Rice University synthetic organic chemist James Tour, described by the moderator as “one of the most accomplished chemists in the world,” was in the audience. When the Q&A began he was asked to pose the first question, which he directed to Swamidass:

You mentioned mechanism, and being an organic chemist, and from the chemists who are in here, we look at mechanism very specifically. It is so hard to fathom how you can get mechanistic changes in a complex system to change one into another. And the problem is that when this is described by biologists, it sounds as if they’re storytelling. Well, and even when I’ve talked to you, I say how does it change; you say, well, one small change at a time. So, get me started. What would change? Tell me how one changes into another. It’s extremely hard to see that, so you can come with little models that are mathematical that talk about relations, but you ultimately have to change a lot of chemistry that’s really difficult to begin to look at these evolutionary models that are going to allow you to have these kinds of complexities of change. And so how do you think about this happening when you really have to go back to your organic chemistry from when you were a sophomore in 1998, and say, what kind of reaction are you going to do to do that?

In his response, Swamidass said that “biology is pretty complex and it’s not intuitive.… Chemical intuitions won’t explain what I’m talking about. And it requires biological intuitions that are shaped in a different way.”

But Tour asked, “Tell me how one changes into another,” and Swamidass never got around to answering that. Swamidass’s reply seemed to largely boil down to You’re a chemist; biologists know better. 

Also, even if Tour, an internationally distinguished synthetic organic chemist, didn’t know enough molecular biology to have the right intuitions about what was and wasn’t possible in terms of step-by-step evolutionary development of molecular biological machines (a debatable point), Behe the biologist does, and he argued that the more we learn about molecular biological machines, the more this knowledge reinforces the untutored intuition that things like the bacterial flagellum or the gears of a planthopper were intelligently designed. Swamidass’s appeal to tutored biological intuitions struck me as akin to a man claiming a royal flush in poker but without turning over any of his cards.

To be fair, this was in their debate, where they had limited time to respond. Both Swamidass and Behe have much more to say about the issue in their writings, available at their respective sites and in their books.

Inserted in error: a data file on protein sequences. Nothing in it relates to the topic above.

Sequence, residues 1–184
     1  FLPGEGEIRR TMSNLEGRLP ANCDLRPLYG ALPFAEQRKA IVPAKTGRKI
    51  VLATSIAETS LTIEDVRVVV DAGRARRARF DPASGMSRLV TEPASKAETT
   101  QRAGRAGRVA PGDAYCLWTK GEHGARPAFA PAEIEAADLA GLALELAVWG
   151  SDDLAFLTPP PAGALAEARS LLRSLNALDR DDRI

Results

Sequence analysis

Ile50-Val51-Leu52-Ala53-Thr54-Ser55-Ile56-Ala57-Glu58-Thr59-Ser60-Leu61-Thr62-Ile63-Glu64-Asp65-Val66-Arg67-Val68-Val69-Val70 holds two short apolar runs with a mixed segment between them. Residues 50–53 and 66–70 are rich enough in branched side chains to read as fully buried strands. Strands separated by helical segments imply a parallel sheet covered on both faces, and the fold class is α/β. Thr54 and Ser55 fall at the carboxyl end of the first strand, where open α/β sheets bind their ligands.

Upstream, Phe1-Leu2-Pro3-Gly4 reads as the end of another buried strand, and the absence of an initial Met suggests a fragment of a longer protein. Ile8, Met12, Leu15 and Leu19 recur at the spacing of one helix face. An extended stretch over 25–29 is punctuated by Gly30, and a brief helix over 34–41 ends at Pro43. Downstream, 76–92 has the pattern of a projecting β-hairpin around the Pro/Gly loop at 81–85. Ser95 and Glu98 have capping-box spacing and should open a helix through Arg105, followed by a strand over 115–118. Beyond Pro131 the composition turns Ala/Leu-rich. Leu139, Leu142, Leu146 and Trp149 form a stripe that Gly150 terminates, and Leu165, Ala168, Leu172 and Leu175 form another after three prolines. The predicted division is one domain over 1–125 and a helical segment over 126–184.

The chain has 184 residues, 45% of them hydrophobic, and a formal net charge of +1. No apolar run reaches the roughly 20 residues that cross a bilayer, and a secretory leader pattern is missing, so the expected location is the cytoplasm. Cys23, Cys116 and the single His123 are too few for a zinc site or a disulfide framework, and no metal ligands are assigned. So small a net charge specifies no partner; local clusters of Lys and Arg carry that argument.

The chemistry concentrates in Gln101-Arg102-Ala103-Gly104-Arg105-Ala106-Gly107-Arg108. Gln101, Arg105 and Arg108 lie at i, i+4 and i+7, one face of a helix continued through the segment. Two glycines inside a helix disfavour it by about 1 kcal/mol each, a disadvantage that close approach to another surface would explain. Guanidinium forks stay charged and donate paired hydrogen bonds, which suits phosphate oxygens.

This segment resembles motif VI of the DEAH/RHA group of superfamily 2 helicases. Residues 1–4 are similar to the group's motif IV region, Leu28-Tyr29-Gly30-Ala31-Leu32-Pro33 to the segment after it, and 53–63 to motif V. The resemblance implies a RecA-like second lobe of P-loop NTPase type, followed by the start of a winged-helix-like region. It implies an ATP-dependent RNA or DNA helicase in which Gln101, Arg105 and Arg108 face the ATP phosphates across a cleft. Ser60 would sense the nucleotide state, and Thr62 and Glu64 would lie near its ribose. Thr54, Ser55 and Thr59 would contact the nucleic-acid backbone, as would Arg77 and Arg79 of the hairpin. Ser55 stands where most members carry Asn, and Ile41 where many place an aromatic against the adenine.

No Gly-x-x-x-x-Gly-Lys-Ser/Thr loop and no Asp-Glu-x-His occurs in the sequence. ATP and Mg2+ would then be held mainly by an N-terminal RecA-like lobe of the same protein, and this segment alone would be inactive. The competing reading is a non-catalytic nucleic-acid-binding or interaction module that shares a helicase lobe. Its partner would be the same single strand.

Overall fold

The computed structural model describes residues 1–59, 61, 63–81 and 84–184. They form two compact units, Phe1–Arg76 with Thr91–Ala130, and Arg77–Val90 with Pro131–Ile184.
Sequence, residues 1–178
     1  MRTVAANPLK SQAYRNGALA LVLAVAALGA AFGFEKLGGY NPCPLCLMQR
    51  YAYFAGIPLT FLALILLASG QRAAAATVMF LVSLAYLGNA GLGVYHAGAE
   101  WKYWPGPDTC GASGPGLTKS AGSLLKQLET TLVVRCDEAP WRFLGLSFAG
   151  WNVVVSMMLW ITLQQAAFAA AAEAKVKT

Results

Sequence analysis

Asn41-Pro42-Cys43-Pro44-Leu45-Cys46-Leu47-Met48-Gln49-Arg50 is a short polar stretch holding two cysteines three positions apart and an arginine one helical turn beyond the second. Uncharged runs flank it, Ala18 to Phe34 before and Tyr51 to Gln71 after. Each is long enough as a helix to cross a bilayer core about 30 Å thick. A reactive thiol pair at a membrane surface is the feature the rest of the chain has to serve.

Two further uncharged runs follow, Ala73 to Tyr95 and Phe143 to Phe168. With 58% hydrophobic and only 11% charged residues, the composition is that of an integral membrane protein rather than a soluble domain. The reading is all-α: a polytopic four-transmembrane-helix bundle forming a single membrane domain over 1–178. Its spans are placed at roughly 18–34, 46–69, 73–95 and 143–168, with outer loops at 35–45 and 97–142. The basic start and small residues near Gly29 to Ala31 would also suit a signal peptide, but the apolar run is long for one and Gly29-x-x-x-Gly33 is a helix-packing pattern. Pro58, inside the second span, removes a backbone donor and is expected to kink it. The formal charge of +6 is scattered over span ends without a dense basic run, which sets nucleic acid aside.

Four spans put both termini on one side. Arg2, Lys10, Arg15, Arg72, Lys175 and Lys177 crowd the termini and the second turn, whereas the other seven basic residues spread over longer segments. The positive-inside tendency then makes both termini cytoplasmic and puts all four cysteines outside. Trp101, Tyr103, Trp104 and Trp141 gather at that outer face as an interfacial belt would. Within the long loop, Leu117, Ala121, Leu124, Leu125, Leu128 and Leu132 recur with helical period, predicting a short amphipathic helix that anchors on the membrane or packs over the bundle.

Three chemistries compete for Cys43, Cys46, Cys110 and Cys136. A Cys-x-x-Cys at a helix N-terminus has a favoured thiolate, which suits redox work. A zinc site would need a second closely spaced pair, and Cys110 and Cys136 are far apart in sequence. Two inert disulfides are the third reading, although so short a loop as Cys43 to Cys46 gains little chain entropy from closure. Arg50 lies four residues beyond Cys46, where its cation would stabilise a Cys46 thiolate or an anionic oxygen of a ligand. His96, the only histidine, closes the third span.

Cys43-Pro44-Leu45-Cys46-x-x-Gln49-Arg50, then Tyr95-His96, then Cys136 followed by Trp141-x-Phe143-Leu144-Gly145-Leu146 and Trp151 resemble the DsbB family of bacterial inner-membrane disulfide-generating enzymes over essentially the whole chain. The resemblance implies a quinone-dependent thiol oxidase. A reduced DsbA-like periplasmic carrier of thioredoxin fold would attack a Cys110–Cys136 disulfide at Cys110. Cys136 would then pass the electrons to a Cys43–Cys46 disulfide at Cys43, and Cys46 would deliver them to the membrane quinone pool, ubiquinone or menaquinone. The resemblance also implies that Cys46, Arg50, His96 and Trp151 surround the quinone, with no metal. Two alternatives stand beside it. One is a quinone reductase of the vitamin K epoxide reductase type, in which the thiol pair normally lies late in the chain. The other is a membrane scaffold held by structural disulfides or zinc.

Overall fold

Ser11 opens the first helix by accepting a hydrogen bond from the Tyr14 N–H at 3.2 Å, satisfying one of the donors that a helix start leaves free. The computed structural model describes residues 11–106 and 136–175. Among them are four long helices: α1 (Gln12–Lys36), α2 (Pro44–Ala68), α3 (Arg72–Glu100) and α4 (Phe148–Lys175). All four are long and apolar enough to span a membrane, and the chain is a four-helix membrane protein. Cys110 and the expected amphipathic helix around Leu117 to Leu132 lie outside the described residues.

Another thought I had: Swamidass’s point about biological versus chemical knowledge and intuitions arguably doesn’t apply to the giant step required for the origin of the first life (Tour’s area of focus in the origins conversation) since strictly speaking, we’re dealing with chemistry rather than biology on the pathway from chemical building blocks to the first life. 

In Swamidass’s defense, he and Behe weren’t focused on the origin-of-life problem. But there’s an additional problem in the origin of life, and it’s a doozy: The first self-reproducing molecular entity, unlike later biological forms, has to be constructed without the benefit of self-reproduction and mutation working in tandem. For this reason, Behe’s insistence that blind material mechanisms are insufficient to build new biological machinery could be said to apply with double force to the origin-of-life problem.

To hear the full Q&A exchange between Tour and Swamidass, and all the Q&A discussion, go here. 

Behe and Swamidass are introduced, and the discussion gets under way, beginning at about the one-hour mark of the Facebook video. 

The event was sponsored by the Veritas Forum, Ratio Christi, and the Texas A&M Christian Faculty Staff Network., by the way, includes links not only to Behe’s responses to his critics, but also to his critics’ articles about his work, including a critical review of Darwin Devolves by Swamidass, Nathan Lents, and Richard Lenski in the journal Science.

Photos: Scenes from the Behe-Swamidass debate on intelligent design and evolution, including slides by Dr. Behe (planthopper, bacteriophage) and Dr. Swamidass; by Forrest Mims.